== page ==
Responsive Neurostimulation

What is responsive neurostimulation?

Responsive neurostimulation is a surgical treatment for seizures, in which an implanted device monitors brain activity and delivers electronic stimulation when a seizure is detected. The mild electrical pulses act to prevent or shorten the seizure.

A small battery-powered device is implanted in the skull, under the scalp, with one or two wires leading to points on or within the brain where seizure activity is originating. The wire ends sense abnormal brain activity and emit the electrical stimulation.

Who is a candidate for responsive neurostimulation?

Responsive neurostimulation is considered as a treatment for patients who have focal seizures originating at one or two points in the brain, that are not controlled by medications, after at least two medications have been tried.

In some cases, seizures may originate deep in the brain or close to brain tissue that controls critical functions. In these cases, responsive neurostimulation can be an alternative to traditional surgical procedures that remove the brain tissue, reducing the risk of neurologic deficits.

How is responsive neurostimulation performed?

Responsive neurostimulation is performed while your child is under general anesthesia.

An incision is made in the scalp and an opening cut in the skull just large enough to implant the neurostimulator device. The wires are positioned with the leads at the points in the brain where the seizures originate. The device is attached to the skull to align with its outer surface, and the skin of the scalp closed over it.

What to expect during responsive neurostimulation

Before responsive neurostimulation surgery

Before starting responsive neurostimulation, tests are done to identify the point or points in your child’s brain where the seizures originate. This usually includes stereo-EEG. Imaging is performed before surgery to assist the robotic placement of the wires in the precise location of the onset of your child’s seizures.  The neurostimulator device is placed where it will be least noticeable under your child’s hair.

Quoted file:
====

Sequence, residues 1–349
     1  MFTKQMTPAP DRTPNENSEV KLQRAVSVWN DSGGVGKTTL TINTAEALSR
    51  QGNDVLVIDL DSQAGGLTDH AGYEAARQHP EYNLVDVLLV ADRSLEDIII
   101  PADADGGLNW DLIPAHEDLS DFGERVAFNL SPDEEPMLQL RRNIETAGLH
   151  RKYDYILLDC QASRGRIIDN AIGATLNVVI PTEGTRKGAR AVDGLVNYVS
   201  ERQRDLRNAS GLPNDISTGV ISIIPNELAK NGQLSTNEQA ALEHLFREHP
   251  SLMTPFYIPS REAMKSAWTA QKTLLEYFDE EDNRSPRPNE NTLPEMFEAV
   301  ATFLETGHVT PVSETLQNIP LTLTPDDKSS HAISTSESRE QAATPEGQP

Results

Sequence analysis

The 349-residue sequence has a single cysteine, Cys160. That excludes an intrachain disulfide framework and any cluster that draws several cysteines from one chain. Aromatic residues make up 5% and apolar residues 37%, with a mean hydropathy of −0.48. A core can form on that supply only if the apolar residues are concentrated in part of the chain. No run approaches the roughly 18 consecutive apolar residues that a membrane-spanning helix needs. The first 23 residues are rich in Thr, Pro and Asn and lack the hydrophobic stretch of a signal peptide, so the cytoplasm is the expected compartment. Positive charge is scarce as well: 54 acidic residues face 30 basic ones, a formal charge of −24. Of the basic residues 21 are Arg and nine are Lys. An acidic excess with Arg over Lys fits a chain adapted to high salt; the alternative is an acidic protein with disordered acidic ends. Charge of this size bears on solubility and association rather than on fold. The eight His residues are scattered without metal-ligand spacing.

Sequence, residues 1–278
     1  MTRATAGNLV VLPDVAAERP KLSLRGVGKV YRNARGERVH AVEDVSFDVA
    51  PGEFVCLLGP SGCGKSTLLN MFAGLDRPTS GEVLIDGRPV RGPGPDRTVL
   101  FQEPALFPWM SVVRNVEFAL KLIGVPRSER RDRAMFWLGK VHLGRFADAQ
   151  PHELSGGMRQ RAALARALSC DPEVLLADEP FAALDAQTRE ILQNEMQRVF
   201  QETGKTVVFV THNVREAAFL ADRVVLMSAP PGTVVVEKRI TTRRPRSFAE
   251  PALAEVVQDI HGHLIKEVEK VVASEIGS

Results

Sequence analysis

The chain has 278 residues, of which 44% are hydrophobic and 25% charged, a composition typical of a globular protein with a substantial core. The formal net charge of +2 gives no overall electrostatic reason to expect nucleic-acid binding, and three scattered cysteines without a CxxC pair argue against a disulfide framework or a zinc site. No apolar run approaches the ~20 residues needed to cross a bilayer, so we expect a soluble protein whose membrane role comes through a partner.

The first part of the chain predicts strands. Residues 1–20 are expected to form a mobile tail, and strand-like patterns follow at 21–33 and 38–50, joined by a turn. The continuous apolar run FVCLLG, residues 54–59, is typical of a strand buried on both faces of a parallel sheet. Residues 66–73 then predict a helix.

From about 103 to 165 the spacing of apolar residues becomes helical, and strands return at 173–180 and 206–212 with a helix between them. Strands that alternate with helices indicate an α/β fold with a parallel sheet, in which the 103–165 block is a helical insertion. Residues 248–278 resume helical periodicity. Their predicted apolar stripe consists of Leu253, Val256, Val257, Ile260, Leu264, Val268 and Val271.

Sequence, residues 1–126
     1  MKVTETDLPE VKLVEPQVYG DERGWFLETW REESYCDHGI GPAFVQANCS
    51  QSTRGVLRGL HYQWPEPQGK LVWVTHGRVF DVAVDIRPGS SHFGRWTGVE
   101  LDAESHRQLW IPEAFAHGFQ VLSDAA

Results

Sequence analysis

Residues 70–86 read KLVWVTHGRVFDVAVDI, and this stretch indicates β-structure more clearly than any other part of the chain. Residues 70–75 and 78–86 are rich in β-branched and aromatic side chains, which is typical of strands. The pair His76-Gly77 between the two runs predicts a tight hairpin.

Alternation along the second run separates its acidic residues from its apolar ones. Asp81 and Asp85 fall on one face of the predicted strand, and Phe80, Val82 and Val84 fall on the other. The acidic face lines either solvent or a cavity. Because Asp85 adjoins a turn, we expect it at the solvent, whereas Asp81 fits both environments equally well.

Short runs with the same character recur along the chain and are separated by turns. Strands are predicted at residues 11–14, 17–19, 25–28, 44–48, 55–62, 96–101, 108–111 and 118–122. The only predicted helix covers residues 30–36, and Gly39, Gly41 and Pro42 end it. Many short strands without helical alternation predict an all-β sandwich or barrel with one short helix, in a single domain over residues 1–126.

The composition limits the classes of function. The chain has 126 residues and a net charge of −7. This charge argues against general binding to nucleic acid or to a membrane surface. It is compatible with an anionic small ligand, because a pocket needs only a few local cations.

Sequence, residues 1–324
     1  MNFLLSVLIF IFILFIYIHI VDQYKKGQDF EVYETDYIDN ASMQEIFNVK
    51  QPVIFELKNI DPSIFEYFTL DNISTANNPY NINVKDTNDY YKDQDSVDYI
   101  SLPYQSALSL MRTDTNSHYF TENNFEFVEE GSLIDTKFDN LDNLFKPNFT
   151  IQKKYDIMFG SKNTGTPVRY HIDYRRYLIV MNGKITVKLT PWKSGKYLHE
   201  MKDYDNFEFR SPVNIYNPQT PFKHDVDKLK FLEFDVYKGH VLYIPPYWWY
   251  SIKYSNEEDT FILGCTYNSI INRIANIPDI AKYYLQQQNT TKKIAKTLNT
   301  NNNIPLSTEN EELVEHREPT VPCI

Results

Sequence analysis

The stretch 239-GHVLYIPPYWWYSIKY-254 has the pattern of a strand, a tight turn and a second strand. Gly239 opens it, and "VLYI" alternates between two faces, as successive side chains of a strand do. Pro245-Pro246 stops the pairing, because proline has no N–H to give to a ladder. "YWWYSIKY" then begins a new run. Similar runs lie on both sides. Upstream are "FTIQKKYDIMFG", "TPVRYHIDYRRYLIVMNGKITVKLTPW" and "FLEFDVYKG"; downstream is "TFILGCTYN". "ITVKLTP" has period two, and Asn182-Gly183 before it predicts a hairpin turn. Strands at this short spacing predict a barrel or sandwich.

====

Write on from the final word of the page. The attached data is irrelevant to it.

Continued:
On the day of the surgery and immediately after

On the day of the surgery, your child will undergo general anesthesia. At Children’s Hospital of Philadelphia (CHOP), you can trust our specially trained pediatric anesthesiologists to keep your child comfortable and safe before, during and after their procedure. Read more about our dedicated pediatric anesthesiology team.

The surgery itself takes three to four hours.

Your child will stay in the hospital overnight for recovery and may be released the next day or two or three days later. No extended bed rest is required.

Going home after responsive neurostimulation

Your child will be able to return to normal activities within a few days.  

Once each day you will use a remote monitor to collect data from the neurostimulator, a process that takes a few minutes. Once a week you will upload those data to a secure web database where your child’s medical team can review it.

When you or your child notice a seizure, they will swipe a special magnet over the device, which will prompt the device to store data about brain activity immediately before and after the seizure. That information will then be transmitted to your care team in the weekly upload. The medical team will use the data to fine-tune the sensing actions of the neurotransmitter over time, to detect and further reduce seizure activity.

Your child will return for follow-up appointments every four to six weeks to discuss seizure activity. Keeping a journal of seizure activity can help compare the data from the neurostimulator device with your child’s experiences, and to refine the programming of the device for greater effectiveness.

Responsive neurostimulation doesn’t end all seizure activity, but it reduces the number and severity of seizures experienced. By reviewing the data and fine-tuning the device’s seizure detection settings, seizure frequency can be reduced further over time.

Why choose CHOP for responsive neurostimulation

At Children’s Hospital of Philadelphia, your child will have access to pediatric experts from the Division of Neurosurgery, the Pediatric Epilepsy Program and others who specialize in the care of children with epilepsy and seizures.

Our team of experts work closely together to ensure that candidates are screened appropriately for responsive neurostimulation, and to provide the full range of supportive therapy before and after epilepsy surgery to optimize outcomes.